With many organisations benefiting from their employees working remotely in terms of reduction in rent, utility bills, and in many cases an increase in hours due a flexible working model, one of the biggest questions for HR leaders to consider is that around pay. 

Those organisations who have shifted to a pure remote working model have to think about how they fairly remunerate their employees based on location, tech requirements, hours and much more. The remote working model also raises the question - ‘can we hire outside of the UK now?’. With such reliable digital communication platforms, this can easily be done if there is appetite to. With access to an instantly wider talent pool, ambitious businesses may start shifting to this method of hiring. We’re noticing that hiring managers who are failing to ensure that ‘remote working’ or ‘working from home’ forms part of the new role within the job description, they aren’t cutting through and attracting the talent that they need.

Remote working and pay.

Remote working isn’t new. It’s something that technology companies have been doing historically and really well. Complexities can potentially arise however when it comes to pay - should a developer based in San Francisco, where there is a higher living cost, be paid more than a person in the same role in Birmingham for example? They are doing the same role at the same level, but have totally different lives, cultures and outgoings. This requires global benchmarking and international data to support an informed decision.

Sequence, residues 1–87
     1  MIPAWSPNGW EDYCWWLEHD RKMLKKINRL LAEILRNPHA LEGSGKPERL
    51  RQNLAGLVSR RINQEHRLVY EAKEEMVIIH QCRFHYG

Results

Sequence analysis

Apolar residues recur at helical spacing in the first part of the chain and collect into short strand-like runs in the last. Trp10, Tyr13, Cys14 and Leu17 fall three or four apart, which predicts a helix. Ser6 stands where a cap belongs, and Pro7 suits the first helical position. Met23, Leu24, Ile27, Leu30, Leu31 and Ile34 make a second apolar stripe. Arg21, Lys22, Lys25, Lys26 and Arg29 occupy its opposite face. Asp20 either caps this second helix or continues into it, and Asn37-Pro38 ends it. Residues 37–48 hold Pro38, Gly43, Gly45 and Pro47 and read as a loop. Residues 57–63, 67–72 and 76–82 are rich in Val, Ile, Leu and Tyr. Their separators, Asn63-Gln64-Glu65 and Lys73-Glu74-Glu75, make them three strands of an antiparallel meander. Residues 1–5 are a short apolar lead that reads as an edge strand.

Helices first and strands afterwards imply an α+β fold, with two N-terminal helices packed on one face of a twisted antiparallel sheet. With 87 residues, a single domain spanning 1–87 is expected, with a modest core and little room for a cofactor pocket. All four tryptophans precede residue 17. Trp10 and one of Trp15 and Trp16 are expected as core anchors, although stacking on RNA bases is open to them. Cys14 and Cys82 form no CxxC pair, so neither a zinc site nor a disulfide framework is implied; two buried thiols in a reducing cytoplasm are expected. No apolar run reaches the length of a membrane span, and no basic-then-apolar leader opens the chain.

Although, as previously mentioned, hiring managers have a greater choice of suitable candidates, highly skilled individuals will start to expect greater benefit packages. With a good basic pay still being the most sought after element for the majority of jobseekers, we’re seeing requests for working from home allowances, equipment and utility bill supplements and greater flexibility overall. While this change may at first seem impossible due to the current economic climate, employers can look to repurpose these funds due to savings made in other areas. 

Reskilling, not overpaying.

Another observation of the current landscape of pay and reward is that for in-demand roles, base salaries are increasing and we are seeing less commissions and bonuses being offered. Traditionally a ‘white collar perk’, bonuses are typically not received by public sector workers, who are currently the most in demand for their skillset. Those with experience in health and social care are highly desirable candidates.

A way around this for organisations who desperately need these roles filled is to look at reskilling individuals from other industries who are currently between jobs. During lockdown we helped the Nightingale Hospital vital roles through the reskilling of cabin crew. The transferable skills enabled us to quickly provide enough suitable candidates to work alongside medical professionals to support the nation when NHS resources were scarce and many were experiencing burnout.